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LRSD upgrading security measures

Weapons detection, color-coded alarm signals, and new camera and badge systems are coming to the Little Rock School District.

LITTLE ROCK, Ark. — In a district as big as the Little Rock School District, security isn't always the easiest thing to maintain— and Director of Security Ron Self can attest to that firsthand.

"Being one of the largest districts in the state is a different level," Self said. "Parents want us to keep the kids safe, faculty want us to keep the kids safe, the community wants us to keep kids safe."

But upgrades and new technology are coming. On Friday, LRSD families received a letter that mentioned multiple upgrades to help keep students safe.

"New weapons detection system," Self said. "Centegix Crisis Alert System, which is a badge-type system."

Add in the upgraded camera system, and there are plenty of measures in place to protect students.

Those new weapon detection systems won't go off for common things like keys, but they will trigger for bigger items.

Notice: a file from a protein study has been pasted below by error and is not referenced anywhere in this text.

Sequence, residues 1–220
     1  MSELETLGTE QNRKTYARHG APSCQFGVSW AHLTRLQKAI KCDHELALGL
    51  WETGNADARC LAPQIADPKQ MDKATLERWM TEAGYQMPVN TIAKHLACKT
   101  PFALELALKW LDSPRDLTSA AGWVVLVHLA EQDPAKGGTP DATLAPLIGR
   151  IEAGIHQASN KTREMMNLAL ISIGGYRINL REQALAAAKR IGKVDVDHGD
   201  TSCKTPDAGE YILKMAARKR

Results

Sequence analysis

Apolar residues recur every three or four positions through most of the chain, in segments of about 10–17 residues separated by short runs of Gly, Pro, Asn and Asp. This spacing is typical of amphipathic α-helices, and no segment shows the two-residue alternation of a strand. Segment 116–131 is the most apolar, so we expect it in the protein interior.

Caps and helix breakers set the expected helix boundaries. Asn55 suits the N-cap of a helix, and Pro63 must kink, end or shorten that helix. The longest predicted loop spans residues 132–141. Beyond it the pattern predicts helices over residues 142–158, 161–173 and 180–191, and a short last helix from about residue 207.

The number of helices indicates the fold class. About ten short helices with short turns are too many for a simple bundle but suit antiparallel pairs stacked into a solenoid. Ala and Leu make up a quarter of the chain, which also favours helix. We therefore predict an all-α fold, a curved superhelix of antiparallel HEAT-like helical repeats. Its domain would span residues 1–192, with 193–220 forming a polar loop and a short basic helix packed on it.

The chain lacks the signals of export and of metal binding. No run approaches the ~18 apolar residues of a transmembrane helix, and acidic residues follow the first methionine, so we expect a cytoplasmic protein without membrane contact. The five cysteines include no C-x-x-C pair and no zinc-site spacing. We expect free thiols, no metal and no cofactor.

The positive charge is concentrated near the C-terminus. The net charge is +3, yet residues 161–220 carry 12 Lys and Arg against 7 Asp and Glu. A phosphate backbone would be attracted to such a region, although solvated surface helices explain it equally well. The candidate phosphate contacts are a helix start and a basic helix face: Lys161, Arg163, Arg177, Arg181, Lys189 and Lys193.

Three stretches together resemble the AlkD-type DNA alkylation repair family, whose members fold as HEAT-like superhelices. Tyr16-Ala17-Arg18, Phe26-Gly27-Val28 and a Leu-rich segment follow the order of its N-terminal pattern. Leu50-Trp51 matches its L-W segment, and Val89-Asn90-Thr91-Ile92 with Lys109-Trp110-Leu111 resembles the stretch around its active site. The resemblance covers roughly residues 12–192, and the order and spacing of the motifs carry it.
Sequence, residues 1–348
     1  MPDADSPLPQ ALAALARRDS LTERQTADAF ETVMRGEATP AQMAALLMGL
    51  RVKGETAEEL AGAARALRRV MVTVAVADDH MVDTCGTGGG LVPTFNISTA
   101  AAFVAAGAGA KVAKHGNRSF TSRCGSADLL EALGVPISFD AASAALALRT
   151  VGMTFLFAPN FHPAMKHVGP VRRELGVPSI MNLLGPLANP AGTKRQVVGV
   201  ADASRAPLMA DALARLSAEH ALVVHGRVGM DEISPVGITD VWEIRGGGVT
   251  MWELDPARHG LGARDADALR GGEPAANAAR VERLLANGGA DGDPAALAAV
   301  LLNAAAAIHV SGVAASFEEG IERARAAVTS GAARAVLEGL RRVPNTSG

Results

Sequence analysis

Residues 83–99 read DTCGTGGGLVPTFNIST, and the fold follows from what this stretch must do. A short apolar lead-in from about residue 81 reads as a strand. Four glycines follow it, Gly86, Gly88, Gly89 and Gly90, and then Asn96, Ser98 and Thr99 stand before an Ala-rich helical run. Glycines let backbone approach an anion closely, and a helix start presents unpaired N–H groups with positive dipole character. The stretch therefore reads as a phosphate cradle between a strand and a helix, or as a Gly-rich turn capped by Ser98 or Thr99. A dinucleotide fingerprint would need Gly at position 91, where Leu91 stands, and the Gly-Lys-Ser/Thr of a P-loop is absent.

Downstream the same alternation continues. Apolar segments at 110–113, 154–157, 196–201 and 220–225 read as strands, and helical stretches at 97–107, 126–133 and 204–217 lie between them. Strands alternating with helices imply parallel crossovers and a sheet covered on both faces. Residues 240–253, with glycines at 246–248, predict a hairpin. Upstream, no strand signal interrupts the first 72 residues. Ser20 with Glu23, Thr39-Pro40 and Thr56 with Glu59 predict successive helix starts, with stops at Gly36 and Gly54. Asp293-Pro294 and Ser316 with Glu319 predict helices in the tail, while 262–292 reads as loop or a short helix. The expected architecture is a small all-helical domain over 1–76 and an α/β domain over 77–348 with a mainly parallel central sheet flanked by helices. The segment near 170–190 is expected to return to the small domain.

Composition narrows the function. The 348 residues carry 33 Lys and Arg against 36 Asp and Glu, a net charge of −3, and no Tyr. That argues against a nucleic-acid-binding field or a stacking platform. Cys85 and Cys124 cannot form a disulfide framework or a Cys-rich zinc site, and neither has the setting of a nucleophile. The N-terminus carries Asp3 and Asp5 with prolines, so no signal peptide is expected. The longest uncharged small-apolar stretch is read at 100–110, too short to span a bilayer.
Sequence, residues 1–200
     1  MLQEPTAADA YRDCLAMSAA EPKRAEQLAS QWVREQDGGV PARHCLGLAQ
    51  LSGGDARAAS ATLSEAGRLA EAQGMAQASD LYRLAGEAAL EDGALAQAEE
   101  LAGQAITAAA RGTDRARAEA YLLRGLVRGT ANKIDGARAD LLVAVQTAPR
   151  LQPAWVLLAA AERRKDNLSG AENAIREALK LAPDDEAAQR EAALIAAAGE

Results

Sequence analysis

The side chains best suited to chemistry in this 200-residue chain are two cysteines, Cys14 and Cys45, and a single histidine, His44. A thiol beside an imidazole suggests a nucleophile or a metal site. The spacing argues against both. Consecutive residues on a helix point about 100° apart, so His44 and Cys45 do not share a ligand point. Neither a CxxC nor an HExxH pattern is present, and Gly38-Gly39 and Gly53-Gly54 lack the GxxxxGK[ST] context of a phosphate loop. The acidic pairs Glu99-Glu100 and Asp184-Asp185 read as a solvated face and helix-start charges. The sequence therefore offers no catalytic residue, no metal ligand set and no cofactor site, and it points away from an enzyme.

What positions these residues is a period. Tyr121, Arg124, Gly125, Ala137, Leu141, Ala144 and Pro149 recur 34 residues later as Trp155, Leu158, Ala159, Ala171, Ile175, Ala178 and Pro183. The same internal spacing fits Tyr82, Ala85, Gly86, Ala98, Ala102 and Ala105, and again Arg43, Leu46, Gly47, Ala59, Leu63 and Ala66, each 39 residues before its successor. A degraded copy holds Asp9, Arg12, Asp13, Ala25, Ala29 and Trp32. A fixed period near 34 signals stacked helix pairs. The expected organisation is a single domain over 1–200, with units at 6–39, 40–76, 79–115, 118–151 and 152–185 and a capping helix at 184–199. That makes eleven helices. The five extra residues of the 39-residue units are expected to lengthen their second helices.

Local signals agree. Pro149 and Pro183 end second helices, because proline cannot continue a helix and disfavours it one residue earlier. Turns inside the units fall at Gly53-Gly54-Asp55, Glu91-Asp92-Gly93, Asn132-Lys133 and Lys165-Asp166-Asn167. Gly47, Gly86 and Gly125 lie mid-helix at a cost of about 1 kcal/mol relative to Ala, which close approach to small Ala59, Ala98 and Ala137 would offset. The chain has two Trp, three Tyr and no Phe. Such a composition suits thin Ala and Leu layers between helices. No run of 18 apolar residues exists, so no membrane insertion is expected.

"Which is a way of rapidly identifying a weapon such as a gun or a bomb on a student," Self said.

Those upgrades will be rolled out by spring break. 

Another new thing for the district is something that looks like a keycard, which Self described as an easier way to resolve a crisis.

"Which could be a student having a medical issue or anything like that, all the way up to pressing the button to actually putting the school in lockdown," Self said.

Students will see new alarms on the wall, which can flash different colors for different issues. If a school did have to lockdown, LRPD will be notified immediately that something is happening.

Self said it's not ideal that they even have to consider something happening at schools, but this is a reality now.

While these new systems may look out of place at first, Self said they'll eventually become routine.

"It'll be all worth it when we get it to be more of a normal thing, a normal daily occurrence that they do," Self said. "I think that in the end, it's all well worth it for the safety of the kids."

According to Self, these systems will be in secondary schools and the upgrades should be ready by the beginning of the next school year.

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